Question One: Can I serve both a Three-Day to Pay the Rent and a Notice to Perform Covenant or Quit at the same time?
Answer One: This is certainly permissible. If a tenant owes rent and also has failed to pay a portion of the security deposit, this would be an example when both notices could be served. You are not permitted to ask for the security deposit in a Notice to Pay Rent. That notice can only be used for a rental obligation. The Notice to Perform Covenants or Quit would be the notice required to demand the balance of the security deposit.
Question Two: I have a no pet policy for my building. An applicant claims to have a “service dog”. How can I differentiate between a pet and a service dog? What documentation can I request and can I ask the applicant to carry liability insurance?
Answer Two: You are allowed to ask for documentation that the animal is a certified service dog. In addition, you can ask for proof that the applicant is disabled. You are not permitted to require this person to carry liability insurance.
Question Three: I have a rent controlled unit in the City of Los Angeles. Am I permitted to ask for an increase for the security deposit?
Answer Three: Under the Rent Stabilization Ordinance you are permitted a corresponding increase in the security deposit, at the same time you are raising the rent. This year, Los Angeles permits a 3% rent increase. A landlord is also permitted to raise the security deposit by that same percentage.
Question Four: We have a condominium near the University of Southern California. The unit is currently rented to three students. Apparently, they are having some internal disputes as to what amount each one should be paying. Their lease ends June 2014. We are fine with an early lease termination. Two of the students want to leave early but the third student wants to remain. Is there any way to force an early termination of the lease?
Answer Four: In order for the lease to be terminated early, you would need all parties to be in agreement. If the third student does not want an early termination, then the lease must remain in effect.
Question Five: My lease provides that the landlord is responsible for the water. Recently, the water bill increased from $225 to $425 per month. I conducted an inspection of the premises and there are no water leaks. I suspect that a tenant is intentionally leaving the water running to increase my expenses. I do not get along with this tenant and I could easily see her doing this out of spite. This is a rent controlled building. Any suggestions?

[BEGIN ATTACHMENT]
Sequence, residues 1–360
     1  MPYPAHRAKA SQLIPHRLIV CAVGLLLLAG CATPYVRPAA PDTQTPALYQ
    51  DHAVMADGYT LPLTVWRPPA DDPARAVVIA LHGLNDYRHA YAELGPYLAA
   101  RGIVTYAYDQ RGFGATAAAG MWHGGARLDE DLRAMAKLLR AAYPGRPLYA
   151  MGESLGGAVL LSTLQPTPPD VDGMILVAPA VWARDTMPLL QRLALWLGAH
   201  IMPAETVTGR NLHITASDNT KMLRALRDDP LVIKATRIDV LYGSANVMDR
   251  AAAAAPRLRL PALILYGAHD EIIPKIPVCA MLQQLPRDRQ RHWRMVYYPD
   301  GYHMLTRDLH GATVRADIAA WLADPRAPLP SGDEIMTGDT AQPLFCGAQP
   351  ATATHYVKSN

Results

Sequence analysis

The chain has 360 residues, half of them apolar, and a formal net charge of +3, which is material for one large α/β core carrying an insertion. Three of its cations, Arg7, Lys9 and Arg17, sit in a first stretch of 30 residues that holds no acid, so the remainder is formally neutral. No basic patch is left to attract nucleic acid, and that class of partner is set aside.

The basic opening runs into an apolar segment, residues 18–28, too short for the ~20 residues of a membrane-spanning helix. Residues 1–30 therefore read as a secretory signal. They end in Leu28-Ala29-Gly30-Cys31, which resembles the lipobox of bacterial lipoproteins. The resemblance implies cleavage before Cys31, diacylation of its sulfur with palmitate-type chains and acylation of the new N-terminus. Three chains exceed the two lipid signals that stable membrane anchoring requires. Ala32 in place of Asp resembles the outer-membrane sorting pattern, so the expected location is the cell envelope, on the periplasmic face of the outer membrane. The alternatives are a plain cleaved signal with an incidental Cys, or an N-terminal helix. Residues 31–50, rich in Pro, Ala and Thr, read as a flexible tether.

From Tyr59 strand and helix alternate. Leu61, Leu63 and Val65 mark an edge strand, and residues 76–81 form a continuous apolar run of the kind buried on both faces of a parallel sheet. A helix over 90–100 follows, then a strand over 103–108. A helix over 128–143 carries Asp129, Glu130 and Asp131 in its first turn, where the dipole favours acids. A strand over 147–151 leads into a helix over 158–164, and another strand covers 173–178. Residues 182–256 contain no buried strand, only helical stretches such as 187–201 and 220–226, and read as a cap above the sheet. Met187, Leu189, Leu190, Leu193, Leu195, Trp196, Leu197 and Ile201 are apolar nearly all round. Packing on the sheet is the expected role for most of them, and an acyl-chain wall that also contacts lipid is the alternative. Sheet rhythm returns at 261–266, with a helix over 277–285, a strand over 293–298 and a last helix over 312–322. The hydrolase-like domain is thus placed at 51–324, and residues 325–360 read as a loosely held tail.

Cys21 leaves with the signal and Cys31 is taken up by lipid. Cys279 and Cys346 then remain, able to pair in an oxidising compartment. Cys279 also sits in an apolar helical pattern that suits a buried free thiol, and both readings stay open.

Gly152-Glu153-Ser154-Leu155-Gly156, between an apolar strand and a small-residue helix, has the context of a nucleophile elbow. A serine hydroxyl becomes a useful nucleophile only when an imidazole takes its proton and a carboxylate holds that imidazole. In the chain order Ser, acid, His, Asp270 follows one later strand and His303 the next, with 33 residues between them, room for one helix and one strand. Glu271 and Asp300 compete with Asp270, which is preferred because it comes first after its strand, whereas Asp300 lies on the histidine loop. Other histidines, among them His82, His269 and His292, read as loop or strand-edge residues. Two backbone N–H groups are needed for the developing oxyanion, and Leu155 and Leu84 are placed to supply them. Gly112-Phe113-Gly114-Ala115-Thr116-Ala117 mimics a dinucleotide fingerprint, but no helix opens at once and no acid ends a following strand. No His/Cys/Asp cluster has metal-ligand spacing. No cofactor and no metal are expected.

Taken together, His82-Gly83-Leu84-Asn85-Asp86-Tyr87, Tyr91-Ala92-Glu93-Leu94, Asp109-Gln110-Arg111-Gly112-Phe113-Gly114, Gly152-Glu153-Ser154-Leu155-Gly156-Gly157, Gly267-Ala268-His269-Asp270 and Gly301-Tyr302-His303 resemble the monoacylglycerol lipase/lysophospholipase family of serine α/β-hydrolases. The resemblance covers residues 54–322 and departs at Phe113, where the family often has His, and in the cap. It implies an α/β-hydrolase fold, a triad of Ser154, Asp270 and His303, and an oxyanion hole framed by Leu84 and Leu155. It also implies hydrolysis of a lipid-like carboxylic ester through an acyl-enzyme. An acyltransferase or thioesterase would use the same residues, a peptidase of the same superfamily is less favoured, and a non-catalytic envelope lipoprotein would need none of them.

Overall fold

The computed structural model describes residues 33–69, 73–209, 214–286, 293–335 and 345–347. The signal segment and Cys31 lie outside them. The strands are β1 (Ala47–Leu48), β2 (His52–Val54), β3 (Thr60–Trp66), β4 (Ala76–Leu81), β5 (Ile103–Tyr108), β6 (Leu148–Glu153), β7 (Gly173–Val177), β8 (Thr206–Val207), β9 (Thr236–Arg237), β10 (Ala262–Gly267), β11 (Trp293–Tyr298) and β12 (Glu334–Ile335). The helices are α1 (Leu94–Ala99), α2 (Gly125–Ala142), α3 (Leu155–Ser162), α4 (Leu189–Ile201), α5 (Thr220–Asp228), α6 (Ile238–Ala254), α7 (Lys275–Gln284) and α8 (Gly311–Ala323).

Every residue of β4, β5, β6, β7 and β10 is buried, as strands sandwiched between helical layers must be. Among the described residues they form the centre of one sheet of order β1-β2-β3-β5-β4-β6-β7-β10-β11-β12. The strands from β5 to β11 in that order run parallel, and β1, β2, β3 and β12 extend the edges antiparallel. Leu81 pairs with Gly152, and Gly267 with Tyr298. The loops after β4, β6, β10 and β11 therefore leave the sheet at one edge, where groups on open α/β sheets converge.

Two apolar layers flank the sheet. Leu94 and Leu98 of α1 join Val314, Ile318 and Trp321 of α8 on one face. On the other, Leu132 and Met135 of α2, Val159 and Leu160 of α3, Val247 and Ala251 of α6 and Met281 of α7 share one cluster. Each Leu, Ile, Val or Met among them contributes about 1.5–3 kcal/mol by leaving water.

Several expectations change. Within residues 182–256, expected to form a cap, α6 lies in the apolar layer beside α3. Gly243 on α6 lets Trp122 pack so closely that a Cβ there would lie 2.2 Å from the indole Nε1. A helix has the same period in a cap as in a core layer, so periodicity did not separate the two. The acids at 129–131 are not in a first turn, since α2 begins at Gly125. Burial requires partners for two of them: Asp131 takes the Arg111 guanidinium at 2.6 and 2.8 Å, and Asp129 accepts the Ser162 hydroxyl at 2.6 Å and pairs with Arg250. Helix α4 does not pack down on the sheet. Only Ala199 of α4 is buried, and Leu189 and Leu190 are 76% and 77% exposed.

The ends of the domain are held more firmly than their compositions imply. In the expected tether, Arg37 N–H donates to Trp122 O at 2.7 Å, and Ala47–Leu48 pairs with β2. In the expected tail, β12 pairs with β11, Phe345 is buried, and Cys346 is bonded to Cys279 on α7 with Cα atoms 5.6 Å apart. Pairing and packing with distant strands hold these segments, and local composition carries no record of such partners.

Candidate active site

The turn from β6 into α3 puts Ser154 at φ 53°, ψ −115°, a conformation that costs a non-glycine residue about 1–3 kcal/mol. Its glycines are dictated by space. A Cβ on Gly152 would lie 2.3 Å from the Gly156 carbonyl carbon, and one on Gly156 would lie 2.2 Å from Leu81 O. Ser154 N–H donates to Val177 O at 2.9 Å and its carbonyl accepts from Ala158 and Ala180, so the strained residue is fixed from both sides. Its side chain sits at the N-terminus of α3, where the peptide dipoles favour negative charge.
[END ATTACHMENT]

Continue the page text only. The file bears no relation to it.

Answer Five: During the day, when this tenant is out, listen for water running from this unit. You probably will need to enter the unit of adjacent tenant to establish this. Once you determine that the water is left running, you may enter the unit on an emergency basis without notice. Of course, you should first knock on the door to establish that this tenant is not present. Take pictures that the faucets were left on. Thereafter, confront this tenant with your proof and demand payment for the excess water use. If the tenant refuses, this could be a ground for eviction and you can also sue this tenant in small claims court.
Question Six: I am assisting an owner lease his single-family residence. It has been disclosed that the neighbor across the street has a criminal background and has been incarcerated. Do I have an obligation to disclose this information to prospective tenants?
Answer Six: There is no obligation in law for you to disclose this information.
Question Seven: I own a duplex in Burbank. My current tenant wants to operate a day care center from this residence. She claims to have a day care license and will provide proof of insurance. She states that the law permits her to do this. Am I obligated to allow this business to be carried out on my property?
Answer Seven: Under the California Health and Safety Code, a landlord must allow a tenant the right to have a day care center, if they possess the requisite license and maintain insurance. The insurance must be at least $100,000 per occurrence and $300,000 for the total annual aggregate. In lieu of the insurance, the day care provider must have a signed affidavit by each parent whose child is being cared for. This law, however, is limited to single family residences. Since your property is a duplex, you may properly turn down the request of this tenant.
Question Eight: I have a single-family residence in Culver City. I am currently selling this house. I have a long-term tenant, who is on a month-to-month tenancy. This tenant is behind in the rent. I need to have this tenant removed immediately, as the house is in escrow. What should I do?
Answer Eight: I would serve a 3-day notice for the rent and a 60-day notice to vacate. If the tenant fails to pay the rent within the 3-day period, you should commence an eviction action. If the tenant pays the rent you would need to wait the 60-day period in order to initiate an eviction, assuming the tenant fails to vacate. If the buyer of the property intends to move into the unit as personal residence, the law would allow you to serve a 30-day notice, instead of the 60-day notice.
Dennis Block, of Dennis P. Block & Associates can be reached for information on landlord/tenant law or evictions at any of the following offices: Los Angeles: 323.938.2868, Encino: 818.986.3147, Inglewood: 310.673.2996, Long Beach: 310.434.5000, Ventura: 805.653.7264, Pasadena: 626.798.1014 or Orange: 714.634.8232 or by visiting www.evict123.com. Now, you can also read Dennis Block on Twitter, www.twitter.com/dennisblock or text him at (818) 570-1557. Download the Dennis Block FREE app for your Smartphone – “Landlord Legal Helper”.